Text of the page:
Joseph's Reviews > The Arabian Nights

The Arabian Nights by Anonymous
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's review
Apr 02, 09

bookshelves: fiction, favorites
Read in April, 2009

While I can't comment on the quality of the translation, The Arabian Nights is a dizzying array of stories within stories within stories, playing with the idea that our narrative impulse is the connective tissue that makes civilization possible. The stories are at their best when they fully indulge in fantasy, recounting tales of demons, transformative magic, and epic romance.

As much as I liked the book, however, I had a few complaints, principally the lack of development in the frame story of Shahrazad and its disappointingly abrupt ending. While her story does exist primarily as a means of telling other stories, I really regretted that after her first night with the king, she becomes nothing more than a chapter break. If The Arabian Nights exists as a tribute to her bravery, skill, wit, and inventiveness as a storyteller, I would have appreciated the chance to see her put to use in other ways. The constant interpolations to remind us that she is narrating for her very survival only serve as a reminder that we're learning nothing else about her.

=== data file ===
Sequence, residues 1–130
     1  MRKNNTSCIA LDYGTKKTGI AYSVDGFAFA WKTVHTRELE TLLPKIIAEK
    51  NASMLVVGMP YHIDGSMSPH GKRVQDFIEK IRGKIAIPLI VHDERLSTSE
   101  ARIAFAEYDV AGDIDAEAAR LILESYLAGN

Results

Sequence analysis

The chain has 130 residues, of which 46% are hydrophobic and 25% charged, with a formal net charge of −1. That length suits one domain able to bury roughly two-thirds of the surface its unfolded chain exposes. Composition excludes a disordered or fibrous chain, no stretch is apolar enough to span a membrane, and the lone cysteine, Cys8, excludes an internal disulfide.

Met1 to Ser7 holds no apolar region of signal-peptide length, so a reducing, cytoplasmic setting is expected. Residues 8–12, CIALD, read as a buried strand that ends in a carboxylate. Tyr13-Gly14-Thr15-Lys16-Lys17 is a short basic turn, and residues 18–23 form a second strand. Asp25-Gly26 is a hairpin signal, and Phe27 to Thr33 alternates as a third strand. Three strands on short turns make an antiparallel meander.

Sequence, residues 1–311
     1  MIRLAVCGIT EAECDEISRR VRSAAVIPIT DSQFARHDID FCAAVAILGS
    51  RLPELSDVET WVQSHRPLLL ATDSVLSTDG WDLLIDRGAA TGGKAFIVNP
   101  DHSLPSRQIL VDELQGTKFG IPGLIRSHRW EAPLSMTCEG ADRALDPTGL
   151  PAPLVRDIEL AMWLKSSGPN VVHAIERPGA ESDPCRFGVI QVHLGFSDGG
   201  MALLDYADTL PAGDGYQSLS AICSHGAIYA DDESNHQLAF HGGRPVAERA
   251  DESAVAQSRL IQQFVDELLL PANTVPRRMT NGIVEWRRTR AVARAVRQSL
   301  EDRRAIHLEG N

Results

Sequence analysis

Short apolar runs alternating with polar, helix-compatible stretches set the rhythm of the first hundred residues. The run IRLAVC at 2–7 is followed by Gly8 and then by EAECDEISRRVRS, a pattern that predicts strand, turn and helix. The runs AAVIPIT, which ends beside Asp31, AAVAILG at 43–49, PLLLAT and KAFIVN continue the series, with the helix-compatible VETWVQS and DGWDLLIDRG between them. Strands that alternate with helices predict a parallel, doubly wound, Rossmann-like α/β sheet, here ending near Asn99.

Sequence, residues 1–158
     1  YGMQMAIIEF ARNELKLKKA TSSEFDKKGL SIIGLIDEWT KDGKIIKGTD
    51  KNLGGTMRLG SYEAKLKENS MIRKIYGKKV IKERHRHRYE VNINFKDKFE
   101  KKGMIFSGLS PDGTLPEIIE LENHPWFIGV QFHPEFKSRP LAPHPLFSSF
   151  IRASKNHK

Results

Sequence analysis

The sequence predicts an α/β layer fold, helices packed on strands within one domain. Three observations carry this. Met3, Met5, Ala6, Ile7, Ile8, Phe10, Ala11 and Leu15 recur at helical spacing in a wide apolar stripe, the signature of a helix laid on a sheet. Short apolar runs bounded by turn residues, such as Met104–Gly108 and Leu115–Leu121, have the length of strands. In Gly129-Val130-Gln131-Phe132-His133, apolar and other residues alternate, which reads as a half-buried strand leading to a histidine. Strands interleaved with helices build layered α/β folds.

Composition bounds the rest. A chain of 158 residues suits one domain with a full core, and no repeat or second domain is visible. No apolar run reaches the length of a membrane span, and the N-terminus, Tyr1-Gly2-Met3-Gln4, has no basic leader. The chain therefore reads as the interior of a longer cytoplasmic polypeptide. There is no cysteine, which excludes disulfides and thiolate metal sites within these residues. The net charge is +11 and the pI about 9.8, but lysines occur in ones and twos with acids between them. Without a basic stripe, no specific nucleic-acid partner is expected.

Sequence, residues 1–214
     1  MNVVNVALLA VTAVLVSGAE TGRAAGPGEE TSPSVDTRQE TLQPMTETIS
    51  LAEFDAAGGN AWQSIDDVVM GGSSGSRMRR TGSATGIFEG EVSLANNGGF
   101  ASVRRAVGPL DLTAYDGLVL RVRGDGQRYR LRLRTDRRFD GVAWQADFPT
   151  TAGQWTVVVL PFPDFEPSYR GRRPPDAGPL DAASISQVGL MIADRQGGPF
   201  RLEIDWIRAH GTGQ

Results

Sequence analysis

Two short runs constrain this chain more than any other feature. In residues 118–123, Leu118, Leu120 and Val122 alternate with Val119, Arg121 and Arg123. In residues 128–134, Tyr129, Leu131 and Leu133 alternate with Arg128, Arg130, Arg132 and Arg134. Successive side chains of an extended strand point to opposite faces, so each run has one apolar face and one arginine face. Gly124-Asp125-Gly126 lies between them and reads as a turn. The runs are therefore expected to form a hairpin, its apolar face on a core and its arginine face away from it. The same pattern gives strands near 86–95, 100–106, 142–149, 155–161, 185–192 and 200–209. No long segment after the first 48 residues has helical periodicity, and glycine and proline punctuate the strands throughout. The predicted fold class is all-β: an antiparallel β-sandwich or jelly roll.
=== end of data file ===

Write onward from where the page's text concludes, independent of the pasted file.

As with any compendium of stories, some are less interesting than others, and I enjoyed the earlier stories a great deal more than those which ended the book. The introduction made mention of the fact that the book was probably the result of a number of different writers, and reading the stories makes that more than plain. The interlocking stories and cliffhanger endings that I found so interesting disappear entirely as the book goes on, to its detriment.

In addition to the sheer pleasure of the book as an exploration of storytelling, I found it a work of great cultural interest as well. Many of the stories have a decidedly foreign flavor, not just in terms of locale but in what the narrator chooses to emphasize. I found myself thinking on many occasions that I wished the Qur'an had been more like this book, as it seems to provide a much greater insight into a culture about which I know depressingly little.
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